Benthic Habitats and the Effects of Fishing

Symposium Abstract: Using Lasers to Investigate Deepwater Habitats in the Monterey Bay National Marine Sanctuary off Central California

C. B. Grimes, M. Yoklavich, W. Wakefield, and H. G. Greene

doi: https://doi.org/10.47886/9781888569605.ch23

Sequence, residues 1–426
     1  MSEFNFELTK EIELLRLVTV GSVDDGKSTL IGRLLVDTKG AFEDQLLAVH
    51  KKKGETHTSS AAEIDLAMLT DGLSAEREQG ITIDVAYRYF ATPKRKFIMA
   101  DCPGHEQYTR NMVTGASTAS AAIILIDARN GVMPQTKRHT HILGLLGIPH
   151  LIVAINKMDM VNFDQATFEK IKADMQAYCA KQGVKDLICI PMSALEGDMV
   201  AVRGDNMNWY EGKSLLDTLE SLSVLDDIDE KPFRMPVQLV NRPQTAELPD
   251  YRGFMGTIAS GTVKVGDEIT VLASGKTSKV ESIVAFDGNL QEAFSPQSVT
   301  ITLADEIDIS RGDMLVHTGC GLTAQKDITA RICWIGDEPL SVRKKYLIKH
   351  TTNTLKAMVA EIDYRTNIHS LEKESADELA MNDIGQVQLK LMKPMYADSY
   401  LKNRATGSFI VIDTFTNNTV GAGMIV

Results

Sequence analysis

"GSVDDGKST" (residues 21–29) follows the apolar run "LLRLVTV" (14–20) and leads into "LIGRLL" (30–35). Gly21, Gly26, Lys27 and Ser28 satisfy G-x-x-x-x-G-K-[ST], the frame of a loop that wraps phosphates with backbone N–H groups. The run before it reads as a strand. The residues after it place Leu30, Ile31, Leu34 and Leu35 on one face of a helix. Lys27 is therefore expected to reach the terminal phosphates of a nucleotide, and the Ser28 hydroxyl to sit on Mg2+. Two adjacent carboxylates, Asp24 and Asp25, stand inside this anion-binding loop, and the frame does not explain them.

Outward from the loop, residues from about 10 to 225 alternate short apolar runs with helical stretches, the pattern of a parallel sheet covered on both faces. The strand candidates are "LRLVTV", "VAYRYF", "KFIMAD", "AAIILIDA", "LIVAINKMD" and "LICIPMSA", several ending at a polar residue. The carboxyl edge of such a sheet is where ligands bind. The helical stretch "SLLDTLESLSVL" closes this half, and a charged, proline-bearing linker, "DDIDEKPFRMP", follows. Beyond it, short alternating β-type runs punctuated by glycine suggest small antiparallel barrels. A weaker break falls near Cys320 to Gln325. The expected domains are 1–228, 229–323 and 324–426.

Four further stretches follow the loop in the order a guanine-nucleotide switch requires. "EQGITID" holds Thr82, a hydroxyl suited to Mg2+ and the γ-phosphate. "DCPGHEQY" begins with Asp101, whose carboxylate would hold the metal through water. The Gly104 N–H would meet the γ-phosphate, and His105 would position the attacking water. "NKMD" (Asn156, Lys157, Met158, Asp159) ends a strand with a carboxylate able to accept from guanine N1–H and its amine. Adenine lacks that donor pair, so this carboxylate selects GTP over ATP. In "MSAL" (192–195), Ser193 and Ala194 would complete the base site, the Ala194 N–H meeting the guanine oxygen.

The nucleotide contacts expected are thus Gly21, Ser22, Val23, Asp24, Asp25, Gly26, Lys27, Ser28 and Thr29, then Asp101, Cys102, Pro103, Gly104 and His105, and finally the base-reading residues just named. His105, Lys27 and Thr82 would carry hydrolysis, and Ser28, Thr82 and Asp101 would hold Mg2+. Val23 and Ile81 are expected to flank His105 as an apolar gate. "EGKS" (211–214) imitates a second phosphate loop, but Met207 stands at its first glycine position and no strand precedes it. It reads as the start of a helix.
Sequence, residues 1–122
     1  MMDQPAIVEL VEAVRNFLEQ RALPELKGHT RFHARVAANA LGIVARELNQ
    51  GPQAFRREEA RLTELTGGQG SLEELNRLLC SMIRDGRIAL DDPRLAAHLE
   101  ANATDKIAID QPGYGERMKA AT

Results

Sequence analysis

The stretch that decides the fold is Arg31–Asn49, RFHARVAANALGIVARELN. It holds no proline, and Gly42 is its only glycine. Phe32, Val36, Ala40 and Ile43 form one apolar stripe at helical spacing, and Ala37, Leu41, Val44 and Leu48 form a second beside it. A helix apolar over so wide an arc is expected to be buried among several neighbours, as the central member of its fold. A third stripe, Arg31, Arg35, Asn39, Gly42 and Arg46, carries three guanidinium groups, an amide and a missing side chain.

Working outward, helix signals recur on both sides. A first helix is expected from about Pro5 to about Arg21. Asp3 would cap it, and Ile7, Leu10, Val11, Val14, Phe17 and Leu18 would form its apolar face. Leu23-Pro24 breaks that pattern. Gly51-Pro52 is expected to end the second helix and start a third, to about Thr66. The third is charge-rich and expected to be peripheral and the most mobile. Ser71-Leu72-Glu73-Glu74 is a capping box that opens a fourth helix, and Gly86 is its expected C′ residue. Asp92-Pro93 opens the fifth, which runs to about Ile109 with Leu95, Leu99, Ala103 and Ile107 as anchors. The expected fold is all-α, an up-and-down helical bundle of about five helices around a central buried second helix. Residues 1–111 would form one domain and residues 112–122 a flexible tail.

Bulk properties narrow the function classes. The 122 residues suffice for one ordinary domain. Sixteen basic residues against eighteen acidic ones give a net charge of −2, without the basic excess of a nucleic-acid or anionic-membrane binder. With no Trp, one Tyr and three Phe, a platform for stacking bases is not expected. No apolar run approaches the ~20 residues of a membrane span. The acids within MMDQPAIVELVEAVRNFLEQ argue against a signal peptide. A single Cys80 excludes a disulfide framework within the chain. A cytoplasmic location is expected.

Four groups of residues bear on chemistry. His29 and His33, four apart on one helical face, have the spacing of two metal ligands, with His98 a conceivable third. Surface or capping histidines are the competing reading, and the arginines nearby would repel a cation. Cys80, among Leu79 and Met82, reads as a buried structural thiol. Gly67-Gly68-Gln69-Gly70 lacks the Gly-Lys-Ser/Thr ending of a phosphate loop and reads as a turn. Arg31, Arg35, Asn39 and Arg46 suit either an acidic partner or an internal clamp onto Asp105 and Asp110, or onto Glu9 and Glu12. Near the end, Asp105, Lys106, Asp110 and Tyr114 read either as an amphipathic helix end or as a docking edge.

We conducted a 9-day field test of laser line-scan imaging technology (LLS) to investigate benthic marine habitats in and around the Big Creek Ecological Reserve (BCER) off the central California coast. We determined the utility of LLS for determining the distribution and abundance of fish and megafaunal invertebrates, and identifying habitats and species associations by comparing LLS images with those acquired from side-scan sonar and a remotely-operated vehicle. We also evaluated the ability of LLS to detect seafloor disturbance caused by fishing trawl gear. We surveyed a 2.6 km long x 0.4 km wide area inside and directly outside BCER. With the laser we imaged isolated rock outcrops with patches of large Metridium sp., dense schools of fishes, drift kelp, sea pens, salp chains, and sedentary benthic fishes (possibly California halibut, Pacific electric ray, ratfish and juvenile lingcod.). The LLS system offers the advantage of imaging both the biogenic and abiotic components of habitat, and depicts their spatial relationships with detail that currently is not possible using acoustic imaging techniques such as side-scan and multibeam sonar. LLS imagery also provided fine detail of low relief shelf geology such as sand waves and ripples; evaluating these features in a broader context from a post-processed mosaic of the study area could help us understand coastal physical processes that influence dynamic benthic habitats.